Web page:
Energy, Construction & Utilities

Construction students

Energy, Construction & Utilities: Demand Rising for Community College-Educated Pros

Let the good times roll.

That’s the message from the experts in the regional energy, construction and utilities sector, which runs the gamut from architecture to welding, and everything in between.

The sector generates about 15,000 job opportunities every year in California, which faces a shortage of skilled workers to meet the ongoing demand.

In Riverside and San Bernardino counties alone, more than 5,000 annual local jobs are available for electricians each year. That’s in addition to about 1,600 available carpentry jobs, leading the local carpenters’ union to approach community colleges in the region for help in filling positions.

The 12 community colleges in Riverside and San Bernardino counties are playing a vital role by providing hundreds of programs to train a skilled workforce to fill these in-demand positions.

“There are a lot of options out there, including a lot of private schools, that are going to cost you a lot of money. And it doesn’t have to cost you much at all. Your community college will provide you the necessary training to be career ready without the unnecessary debt,” said George Brown, lead instructor for the Heating, Ventilation, Air Conditioning and Refrigeration program at College of the Desert in the Coachella Valley.

“Our instructors at College of the Desert come from industry, and constantly upgrade their skills to ensure they’re providing students the latest 21st Century training they need to succeed,” Brown said. “We are very proud of our Career Education program, which greatly benefits our community and its essential industries.”

Jocelyne Torres is a believer. The San Joaquin Valley native graduated with an associate degree in architectural technology and is working toward a Zero Net Energy certificate from College of the Desert. She quickly landed an internship with a company specializing in energy-efficient buildings.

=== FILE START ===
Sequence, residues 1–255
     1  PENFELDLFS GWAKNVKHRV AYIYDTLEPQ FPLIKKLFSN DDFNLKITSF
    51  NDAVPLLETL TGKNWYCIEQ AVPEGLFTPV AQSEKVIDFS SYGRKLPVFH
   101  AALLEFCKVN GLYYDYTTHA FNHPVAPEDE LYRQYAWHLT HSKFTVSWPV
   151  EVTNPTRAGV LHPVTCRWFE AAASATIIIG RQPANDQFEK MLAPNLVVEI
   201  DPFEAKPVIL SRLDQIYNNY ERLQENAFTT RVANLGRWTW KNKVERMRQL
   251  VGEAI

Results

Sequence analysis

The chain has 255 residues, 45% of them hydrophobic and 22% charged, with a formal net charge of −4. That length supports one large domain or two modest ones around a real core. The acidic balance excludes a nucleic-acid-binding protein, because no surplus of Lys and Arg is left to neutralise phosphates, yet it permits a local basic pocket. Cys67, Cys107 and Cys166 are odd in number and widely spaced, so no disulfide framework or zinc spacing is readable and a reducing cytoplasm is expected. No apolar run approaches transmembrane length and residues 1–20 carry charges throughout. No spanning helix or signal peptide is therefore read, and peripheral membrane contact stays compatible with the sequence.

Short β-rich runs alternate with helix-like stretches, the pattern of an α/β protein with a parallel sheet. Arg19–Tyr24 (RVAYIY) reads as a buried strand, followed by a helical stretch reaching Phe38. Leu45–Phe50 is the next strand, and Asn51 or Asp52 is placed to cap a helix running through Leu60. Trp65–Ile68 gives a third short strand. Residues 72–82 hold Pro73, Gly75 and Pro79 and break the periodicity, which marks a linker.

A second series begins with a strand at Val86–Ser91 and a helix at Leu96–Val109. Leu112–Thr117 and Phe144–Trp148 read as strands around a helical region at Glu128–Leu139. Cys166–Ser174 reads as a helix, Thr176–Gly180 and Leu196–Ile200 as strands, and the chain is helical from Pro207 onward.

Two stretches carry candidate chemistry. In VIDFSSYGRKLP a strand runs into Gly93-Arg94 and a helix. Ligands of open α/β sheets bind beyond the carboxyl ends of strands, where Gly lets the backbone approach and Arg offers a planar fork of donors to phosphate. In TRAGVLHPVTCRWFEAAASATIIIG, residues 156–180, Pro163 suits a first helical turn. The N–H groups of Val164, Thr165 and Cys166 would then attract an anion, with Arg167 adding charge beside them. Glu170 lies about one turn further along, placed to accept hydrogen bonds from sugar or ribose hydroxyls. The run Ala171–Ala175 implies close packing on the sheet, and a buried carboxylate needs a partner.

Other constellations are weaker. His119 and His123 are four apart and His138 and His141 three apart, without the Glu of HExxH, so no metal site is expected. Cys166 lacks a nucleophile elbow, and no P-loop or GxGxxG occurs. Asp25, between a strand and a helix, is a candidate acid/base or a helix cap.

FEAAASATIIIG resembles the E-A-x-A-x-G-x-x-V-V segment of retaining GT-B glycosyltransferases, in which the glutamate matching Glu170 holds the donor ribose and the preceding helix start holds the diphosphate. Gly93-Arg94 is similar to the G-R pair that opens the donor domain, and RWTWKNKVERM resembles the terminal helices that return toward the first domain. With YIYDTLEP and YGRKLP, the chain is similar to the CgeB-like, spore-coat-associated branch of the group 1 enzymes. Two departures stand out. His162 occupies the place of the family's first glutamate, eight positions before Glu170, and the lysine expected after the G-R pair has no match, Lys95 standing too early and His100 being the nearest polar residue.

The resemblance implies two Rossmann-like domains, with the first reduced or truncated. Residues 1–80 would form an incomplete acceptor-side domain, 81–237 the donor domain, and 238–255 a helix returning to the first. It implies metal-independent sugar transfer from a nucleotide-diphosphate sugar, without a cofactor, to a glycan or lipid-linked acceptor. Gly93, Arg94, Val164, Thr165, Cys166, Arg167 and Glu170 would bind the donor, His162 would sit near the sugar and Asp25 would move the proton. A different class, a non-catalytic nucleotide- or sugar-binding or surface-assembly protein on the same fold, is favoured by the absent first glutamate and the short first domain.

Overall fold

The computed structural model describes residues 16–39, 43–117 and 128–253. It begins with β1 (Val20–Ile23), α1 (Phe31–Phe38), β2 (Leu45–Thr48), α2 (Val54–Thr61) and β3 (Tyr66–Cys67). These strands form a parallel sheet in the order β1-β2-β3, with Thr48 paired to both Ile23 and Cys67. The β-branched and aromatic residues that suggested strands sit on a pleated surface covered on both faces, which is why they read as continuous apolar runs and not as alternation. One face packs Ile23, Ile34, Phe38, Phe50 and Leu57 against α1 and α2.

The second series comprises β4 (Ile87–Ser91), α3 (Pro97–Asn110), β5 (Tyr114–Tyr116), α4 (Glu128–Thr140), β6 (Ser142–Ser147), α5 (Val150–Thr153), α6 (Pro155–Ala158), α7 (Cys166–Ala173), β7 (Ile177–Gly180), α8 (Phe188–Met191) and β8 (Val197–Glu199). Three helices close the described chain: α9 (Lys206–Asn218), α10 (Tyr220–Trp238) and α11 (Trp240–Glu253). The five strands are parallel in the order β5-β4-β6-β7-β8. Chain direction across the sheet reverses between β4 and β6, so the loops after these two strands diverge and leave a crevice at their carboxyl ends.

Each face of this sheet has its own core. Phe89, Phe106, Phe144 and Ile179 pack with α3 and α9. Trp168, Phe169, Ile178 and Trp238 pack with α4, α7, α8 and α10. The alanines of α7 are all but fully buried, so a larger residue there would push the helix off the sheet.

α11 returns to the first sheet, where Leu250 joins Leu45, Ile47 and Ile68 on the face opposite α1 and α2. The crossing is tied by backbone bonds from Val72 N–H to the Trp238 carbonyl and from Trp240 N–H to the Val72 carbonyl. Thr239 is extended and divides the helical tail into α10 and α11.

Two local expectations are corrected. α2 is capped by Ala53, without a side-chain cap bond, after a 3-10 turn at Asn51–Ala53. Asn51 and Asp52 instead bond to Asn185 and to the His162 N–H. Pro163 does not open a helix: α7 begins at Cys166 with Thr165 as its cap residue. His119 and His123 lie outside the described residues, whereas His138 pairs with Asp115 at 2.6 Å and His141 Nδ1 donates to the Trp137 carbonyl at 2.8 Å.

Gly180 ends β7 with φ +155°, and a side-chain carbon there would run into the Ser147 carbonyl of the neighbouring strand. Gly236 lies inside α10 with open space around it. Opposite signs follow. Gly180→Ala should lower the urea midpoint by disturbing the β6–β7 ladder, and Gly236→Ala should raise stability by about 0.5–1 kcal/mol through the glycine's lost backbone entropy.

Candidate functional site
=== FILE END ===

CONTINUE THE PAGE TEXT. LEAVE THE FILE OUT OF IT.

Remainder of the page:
“It is a very intensive program, and it taught me how to balance life, work, and school,” said Torres, 22. “It also helped me learn about all the options that are out there when it comes to architecture.”

Opportunities abound in myriad skilled professions.

  • Projections call for nearly 750 annual local job openings for first-line supervisors in the construction trades.
  • Plumbers, pipefitters and steamfitters will see a 16 percent annual growth in local job openings through 2021, according to a Centers of Excellence report.
  • Other positions that will see strong growth – and where job-training skills are being taught for little or no cost at community colleges in the region – include security and fire alarm installers (15 percent), solar panel installers (14 percent), and insulation workers (14 percent).

And the wages are attractive. Insulation workers, for example, earn an average hourly wage of $30.44, according to the Centers for Excellence report. Solar installers earn nearly $21 per hour.

Those who receive their training at a local community college are very likely to find jobs once they complete their programs. Nearly two-thirds of students who completed a carpentry program, for example, were employed in the field within six months.

Despite the demand, jobs remain unfilled.

“Too many people mistakenly believe these are dirty jobs that don’t pay much,” said College of the Desert’s Jon Caffery, director of a regional grant through the Trade Adjustment Assistance for Community Colleges and Career Training.

“Others see construction or related jobs as something that you do for a little while and then you go on to something else, when in fact there is plenty of room for advancement, including project management and other leadership positions. Bottom line is: There are plenty of opportunities for a good-paying career.”

Learn more about how Career Education at your community college can help you gain the necessary skills to land your next well-paying job and launch your successful career.